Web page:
Most parents miss the fact that their children could understand all what is going on around them; these children realize that their parent can’t afford all what they need and crave for. As a result, they try to minimize their requests and stick to demanding for nothing but the necessities. In a way or another, the children become the ones nurturing their parent instead of them being the ones nurtured. These children’s parent often has no enough money to afford the cost of school trips or any extra activities which blocks any attempt of being able to build any social relationship, what’s amazing and shocking at the same time about most of these children is that they rarely complain and don’t ask for more than what’s available (“What Children from Single Parent Families Have to Say” 25). Poverty could thus damage both financial and social aspects of a child’s life.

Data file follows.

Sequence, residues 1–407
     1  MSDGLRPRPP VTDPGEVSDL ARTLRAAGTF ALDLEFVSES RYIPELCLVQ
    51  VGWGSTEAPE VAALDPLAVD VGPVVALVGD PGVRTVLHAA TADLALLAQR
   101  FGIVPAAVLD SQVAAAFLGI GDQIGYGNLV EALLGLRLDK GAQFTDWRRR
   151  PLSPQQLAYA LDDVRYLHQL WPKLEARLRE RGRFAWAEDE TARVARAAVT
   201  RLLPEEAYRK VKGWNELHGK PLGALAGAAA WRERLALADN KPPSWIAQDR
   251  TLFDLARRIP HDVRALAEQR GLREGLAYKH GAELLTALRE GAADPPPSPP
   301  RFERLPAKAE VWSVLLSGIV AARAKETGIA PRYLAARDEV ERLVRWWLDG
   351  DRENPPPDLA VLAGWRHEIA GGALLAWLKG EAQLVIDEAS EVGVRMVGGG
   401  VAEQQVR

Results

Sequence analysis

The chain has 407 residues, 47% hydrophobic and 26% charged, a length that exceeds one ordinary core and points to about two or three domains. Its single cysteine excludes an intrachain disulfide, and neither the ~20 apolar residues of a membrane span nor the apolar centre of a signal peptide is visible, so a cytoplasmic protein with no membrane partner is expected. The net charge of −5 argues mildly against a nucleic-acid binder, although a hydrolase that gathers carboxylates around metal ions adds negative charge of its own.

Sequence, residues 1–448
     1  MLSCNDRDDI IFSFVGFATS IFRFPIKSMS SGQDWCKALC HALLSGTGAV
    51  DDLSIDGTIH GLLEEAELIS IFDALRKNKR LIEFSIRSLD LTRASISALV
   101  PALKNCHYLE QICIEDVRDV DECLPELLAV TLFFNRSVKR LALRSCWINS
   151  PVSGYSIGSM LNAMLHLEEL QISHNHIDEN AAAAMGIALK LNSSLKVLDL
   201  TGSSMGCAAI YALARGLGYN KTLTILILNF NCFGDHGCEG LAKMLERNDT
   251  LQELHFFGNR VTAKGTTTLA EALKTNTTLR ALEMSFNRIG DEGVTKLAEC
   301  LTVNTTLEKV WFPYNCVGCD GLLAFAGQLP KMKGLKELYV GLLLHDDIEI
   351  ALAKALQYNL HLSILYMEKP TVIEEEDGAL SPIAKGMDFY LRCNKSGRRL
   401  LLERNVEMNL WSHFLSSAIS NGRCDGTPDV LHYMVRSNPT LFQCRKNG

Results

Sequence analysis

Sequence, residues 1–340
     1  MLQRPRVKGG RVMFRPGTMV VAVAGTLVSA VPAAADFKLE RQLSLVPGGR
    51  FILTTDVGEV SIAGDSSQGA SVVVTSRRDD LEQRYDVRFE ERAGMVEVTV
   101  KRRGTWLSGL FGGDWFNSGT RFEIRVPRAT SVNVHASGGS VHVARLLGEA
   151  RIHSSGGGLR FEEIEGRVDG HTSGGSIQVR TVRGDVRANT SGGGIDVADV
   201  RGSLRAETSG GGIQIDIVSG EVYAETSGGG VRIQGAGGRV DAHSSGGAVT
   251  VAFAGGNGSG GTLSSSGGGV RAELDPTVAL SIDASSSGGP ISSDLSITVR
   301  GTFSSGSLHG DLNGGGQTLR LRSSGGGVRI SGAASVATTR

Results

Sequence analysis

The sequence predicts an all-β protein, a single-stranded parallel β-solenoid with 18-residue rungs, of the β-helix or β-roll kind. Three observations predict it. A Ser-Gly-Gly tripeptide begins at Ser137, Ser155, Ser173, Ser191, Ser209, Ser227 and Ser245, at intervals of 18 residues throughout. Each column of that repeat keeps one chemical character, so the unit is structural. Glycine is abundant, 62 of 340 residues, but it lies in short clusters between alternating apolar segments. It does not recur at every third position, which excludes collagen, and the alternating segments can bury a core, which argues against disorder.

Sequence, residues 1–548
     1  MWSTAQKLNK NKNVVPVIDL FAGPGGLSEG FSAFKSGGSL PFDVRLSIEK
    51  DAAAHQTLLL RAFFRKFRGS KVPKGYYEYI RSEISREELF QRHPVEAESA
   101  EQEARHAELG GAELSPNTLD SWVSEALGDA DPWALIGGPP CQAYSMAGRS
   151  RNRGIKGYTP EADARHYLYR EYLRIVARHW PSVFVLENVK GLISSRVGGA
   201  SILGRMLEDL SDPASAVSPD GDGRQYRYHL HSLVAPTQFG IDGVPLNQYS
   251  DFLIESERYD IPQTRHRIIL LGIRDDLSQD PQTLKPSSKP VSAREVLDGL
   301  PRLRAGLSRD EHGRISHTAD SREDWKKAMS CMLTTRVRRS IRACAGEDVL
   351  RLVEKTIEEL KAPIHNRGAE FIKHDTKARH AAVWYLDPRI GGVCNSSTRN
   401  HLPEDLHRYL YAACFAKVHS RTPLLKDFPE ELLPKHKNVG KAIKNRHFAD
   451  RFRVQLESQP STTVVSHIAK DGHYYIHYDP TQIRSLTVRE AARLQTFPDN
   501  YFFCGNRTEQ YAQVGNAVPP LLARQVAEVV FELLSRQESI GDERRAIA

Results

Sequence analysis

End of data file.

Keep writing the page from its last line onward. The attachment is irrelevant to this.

Many factors play important roles in the children’s development and affect the way they think and act. These factors include neighborhood characteristics, schools, and peer networks. But the most important factor which affects the child’s growth is the parents themselves who provide the major source of social support in the children’s lives (Mather 1). With the mothers busy finding a way to provide income for their children, the child grows not only with a single parent but also with no parents at all, and the bad effects are thus doubled. These children always demand contact with the non-resident parent and complain about the way he/she is ignoring their presence. Their biggest concerns are the problems among their resident parent, their non-resident parent, and themselves (“What Children from Single Parent Families Have to Say” 13). They always think about every fight that happens and they even sometimes blame themselves. In addition to spending no time with their parents, these children also spend no time with their friends. The lack of money they face causes them difficulties in getting along with their peers; they feel excluded when their friends do activities that require money which they themselves don’t have (“What Children from Single Parent Families Have to Say” 25).